Saturday, September 6, 2008

Learning Self-Restraint

“O ye who believe! Fasting is prescribed to you as it was prescribed to those before you, that ye may (learn) self-restraint.” ~ Qur’an (2:183)

In a life full of choices, two paths are distinguished from the others. These paths are literally defined by our actions and are a direct result of our beliefs. We associate actions of kindness and good-will as tenants of the righteous path and those of destruction and chaos as inroads to the path of evil-doing. Life presents to us numerous decisions with every breath we take, decisions whose consequences can be short-lived or instrumental throughout our lives.

In the hope of gaining eternal bliss, the average individual actively walks on the path of righteousness though faltering at times. We execute efforts to shun degrading actions that damage ours as well as others physical and emotional psyche. To materialise this in our conscience, we can think of the effect of an extra-marital affair on the married couple, on the “lover”, on the family and on the community and society as a whole. Thus it is only natural that many religious scriptures admonish adultery and all forms of it. No sane person can argue the fact that this action erodes the very fabric that supports sustainable life i.e. the family unit. The family is centred on building and so the choice of pleasure over faithfulness can never build but only destroy.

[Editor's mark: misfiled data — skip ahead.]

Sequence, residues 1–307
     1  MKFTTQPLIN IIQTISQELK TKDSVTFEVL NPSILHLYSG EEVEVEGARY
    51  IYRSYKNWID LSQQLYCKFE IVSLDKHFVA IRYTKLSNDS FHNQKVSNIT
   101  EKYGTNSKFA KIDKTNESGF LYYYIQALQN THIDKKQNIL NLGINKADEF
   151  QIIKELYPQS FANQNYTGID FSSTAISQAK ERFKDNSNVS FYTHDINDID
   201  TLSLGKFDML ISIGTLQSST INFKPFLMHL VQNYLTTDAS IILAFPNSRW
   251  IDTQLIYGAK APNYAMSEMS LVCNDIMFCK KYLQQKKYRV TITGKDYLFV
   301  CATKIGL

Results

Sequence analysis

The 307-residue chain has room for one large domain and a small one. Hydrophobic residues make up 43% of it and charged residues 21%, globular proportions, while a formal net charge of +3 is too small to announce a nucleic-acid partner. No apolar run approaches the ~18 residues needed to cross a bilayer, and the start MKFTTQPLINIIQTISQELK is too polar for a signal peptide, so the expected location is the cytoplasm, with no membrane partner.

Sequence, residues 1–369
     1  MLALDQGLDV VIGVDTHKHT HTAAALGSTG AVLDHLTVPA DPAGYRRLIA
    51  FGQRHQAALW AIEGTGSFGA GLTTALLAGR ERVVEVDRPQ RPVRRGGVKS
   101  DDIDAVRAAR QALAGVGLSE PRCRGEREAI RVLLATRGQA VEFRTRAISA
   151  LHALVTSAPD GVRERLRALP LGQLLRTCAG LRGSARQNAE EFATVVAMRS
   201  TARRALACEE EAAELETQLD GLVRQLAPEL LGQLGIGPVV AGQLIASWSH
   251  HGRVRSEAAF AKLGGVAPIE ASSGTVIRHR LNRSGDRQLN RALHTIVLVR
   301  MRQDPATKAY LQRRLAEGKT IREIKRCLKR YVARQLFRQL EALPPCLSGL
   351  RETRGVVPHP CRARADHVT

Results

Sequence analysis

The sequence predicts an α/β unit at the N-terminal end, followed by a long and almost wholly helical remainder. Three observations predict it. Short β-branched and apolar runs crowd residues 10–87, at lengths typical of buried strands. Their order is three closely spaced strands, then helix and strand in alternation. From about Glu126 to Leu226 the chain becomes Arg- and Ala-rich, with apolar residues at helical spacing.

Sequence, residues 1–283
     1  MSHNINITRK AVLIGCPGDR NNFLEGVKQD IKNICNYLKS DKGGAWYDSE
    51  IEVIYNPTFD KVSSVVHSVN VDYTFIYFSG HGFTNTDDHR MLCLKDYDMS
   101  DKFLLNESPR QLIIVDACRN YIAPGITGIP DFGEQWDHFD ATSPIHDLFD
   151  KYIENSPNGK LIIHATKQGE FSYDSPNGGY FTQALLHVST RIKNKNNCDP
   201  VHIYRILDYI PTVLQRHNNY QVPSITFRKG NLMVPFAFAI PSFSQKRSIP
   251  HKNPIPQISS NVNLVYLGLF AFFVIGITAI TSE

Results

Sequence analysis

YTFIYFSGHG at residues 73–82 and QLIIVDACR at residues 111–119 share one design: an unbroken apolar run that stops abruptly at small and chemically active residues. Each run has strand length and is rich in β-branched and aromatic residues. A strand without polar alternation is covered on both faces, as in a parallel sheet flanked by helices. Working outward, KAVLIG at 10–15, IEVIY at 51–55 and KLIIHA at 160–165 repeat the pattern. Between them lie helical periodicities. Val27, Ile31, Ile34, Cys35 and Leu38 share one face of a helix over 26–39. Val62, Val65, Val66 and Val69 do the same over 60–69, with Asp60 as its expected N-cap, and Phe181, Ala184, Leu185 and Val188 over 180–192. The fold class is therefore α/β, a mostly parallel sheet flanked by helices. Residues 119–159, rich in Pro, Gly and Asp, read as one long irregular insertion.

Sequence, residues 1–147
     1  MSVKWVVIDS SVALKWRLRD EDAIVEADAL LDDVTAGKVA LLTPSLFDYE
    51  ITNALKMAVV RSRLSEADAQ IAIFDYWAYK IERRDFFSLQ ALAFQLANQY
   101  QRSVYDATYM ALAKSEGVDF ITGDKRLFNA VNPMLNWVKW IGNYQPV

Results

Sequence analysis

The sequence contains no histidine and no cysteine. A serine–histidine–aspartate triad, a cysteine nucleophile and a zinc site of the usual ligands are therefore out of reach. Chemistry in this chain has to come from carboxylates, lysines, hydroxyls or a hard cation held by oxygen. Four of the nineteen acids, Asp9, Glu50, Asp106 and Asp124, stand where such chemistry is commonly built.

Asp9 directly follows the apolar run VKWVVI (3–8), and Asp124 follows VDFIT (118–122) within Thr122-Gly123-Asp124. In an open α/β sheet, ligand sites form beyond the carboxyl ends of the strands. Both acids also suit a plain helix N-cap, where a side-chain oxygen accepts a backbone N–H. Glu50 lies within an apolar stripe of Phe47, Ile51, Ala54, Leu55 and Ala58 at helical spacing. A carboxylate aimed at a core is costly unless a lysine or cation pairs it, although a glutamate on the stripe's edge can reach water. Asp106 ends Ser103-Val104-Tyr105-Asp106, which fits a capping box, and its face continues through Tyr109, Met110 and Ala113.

We can now appreciate why many of us choose a life of abstinence from such destructive actions as there is no true upliftment in degradation. In theory all that was said sounds achievable yet we live in crime-stricken societies that have broken away from the teachings of good-will. In reality many challenges exist that camouflage what was once just a simple choice of choosing good or bad. The line between good and bad merges and disappears with various degrees of compromise and so we can no longer distinguish what was good or bad and if good and bad even exists.

Many of us become lost at various junctions in our life where wrong becomes desirable and good becomes penance. We find it increasingly hard to choose good over bad and temptations toy with our emotions. As the world continues in this trend our conscience becomes ambushed with guilt and regret. The person who has relatively no choice but to passivley accept and does so in the fear of reprimand still has to learn the most fundamental teaching of exercising right over wrong. The only way to display true self-restraint is to actively choose to do good in the presence of choice and temptation.

Restraint never ruins one's health. What ruins it, is not restraint but outward suppression. A really self-restrained person grows every day from strength to strength and from peace to more peace. The very first step in self-restraint is the restraint of thoughts.” ~ Mohandas Gandhi

As I uphold this month of fasting it becomes evident to me the small victory of self sacrifice and its consequent feelings of satisfaction and fulfilment. It is a training ground for self-restraint culturing us to choose with greater prudence. If one can learn to abstain from something as basic as eating for a set period of time, imagine the effect self-restraint would have on a person’s choices. Some of the veils clouding our judgement would certainly be removed if we can see reason in abstinence and make a conscious effort to practice it.

It is completely in my opinion that if we were to practice more self-restraint then the world would definitely be a better place to live in.

“Grant that I may become beautiful in my soul within, and that all my external possessions may be in harmony with my inner self. May I consider the wise to be rich, and may I have such riches as only a person of self-restraint can bear or endure.” ~ Plato

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